Wildlife Cameras: Backyard Visitors Caught on Camera

Wildlife Cameras: Backyard Visitors Caught on Camera

Posted February 10, 2022

It has been about ten years since I saw a deer stride through my neighborhood. I figured that we just got too developed on Rose Point. Then I purchased a wildlife camera. Not only do we still have deer visiting but a variety of critters. One of my favorite visitors is a female coyote that came a couple of times each night that we put the camera out.

A wildlife camera is designed to be outdoors and is tripped by movement. Most function day and night and can take still photos or short video clips. I place my camera about 24 inches above the ground at about 30 feet from my compost pile and birdseed area. Even though I never put meat in the compost, there are always some good smells to attract visitors. I set it up at about 5pm and then collect it at 8am to download the photos or videos. It’s fun to find out who stopped by for a visit while you were asleep. I’ve had foxes, raccoons, skunks, domestic cats, and even rabbits that come out at night.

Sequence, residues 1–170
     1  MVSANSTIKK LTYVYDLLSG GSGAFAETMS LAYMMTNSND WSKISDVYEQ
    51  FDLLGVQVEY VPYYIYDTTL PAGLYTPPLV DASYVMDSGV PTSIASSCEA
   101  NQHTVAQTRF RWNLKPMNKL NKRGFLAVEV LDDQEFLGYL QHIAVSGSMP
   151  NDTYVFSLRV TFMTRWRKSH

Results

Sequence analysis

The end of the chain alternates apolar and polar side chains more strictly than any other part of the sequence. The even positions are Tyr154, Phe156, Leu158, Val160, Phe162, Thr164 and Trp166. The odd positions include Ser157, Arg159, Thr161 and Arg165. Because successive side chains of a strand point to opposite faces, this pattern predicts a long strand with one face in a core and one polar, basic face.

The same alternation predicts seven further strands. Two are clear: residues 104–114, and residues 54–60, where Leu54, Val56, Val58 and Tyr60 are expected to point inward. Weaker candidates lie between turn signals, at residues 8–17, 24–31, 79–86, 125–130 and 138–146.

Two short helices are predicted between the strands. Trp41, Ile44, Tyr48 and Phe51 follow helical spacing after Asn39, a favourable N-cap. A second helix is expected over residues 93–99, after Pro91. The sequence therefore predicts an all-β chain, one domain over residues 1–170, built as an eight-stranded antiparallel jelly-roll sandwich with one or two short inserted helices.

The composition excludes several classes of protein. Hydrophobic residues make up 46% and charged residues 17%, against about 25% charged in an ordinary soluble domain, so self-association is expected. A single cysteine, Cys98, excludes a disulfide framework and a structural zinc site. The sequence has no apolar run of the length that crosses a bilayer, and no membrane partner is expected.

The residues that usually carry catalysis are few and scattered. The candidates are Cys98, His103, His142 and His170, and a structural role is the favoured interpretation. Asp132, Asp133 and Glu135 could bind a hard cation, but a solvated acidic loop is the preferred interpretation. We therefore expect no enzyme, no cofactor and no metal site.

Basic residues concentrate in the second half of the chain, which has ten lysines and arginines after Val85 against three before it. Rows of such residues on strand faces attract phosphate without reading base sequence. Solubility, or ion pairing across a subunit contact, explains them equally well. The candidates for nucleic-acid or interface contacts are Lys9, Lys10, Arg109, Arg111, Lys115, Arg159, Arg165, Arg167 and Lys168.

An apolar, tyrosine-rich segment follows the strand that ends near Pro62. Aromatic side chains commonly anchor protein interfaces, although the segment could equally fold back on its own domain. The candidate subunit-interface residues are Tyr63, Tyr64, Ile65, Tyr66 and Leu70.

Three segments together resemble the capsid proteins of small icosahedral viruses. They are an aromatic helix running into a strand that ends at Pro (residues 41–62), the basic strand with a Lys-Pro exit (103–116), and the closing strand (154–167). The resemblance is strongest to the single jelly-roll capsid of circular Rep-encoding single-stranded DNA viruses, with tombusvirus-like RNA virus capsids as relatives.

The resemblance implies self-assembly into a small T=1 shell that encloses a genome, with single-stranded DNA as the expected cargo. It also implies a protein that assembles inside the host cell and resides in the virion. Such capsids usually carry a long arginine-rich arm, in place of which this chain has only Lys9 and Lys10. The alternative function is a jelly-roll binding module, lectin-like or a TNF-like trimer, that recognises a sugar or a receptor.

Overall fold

I now have a great collection of photos and videos of our neighborhood critters. Even the songbirds and gray squirrels can take a good photo at times. The photos can even reveal the health of some animals. Our resident coyote has been looking great with a nice fur coat and a good weight. One of my favorite photos is the early morning bunny that we photographed on Easter.

There are several cameras on the market. If you would like to purchase one, expect to spend $100 to $200 for a basic one. Do some research to determine the features that work for you. Some features to consider are camera resolution, number of batteries required, if the camera includes an SD card, video duration, and night imagery capabilities. You can even go high end and get Wi-Fi enabled cameras.

Written by Kevin Bartsch, WLT Board Member


In other trail camera news, Wareham Land Trust has installed a trail camera at our Stoney Run property. Below is a short video of an eastern coyote that passed by a couple weeks ago.


(C) Wareham Land Trust ~ provided by New Bedford Internet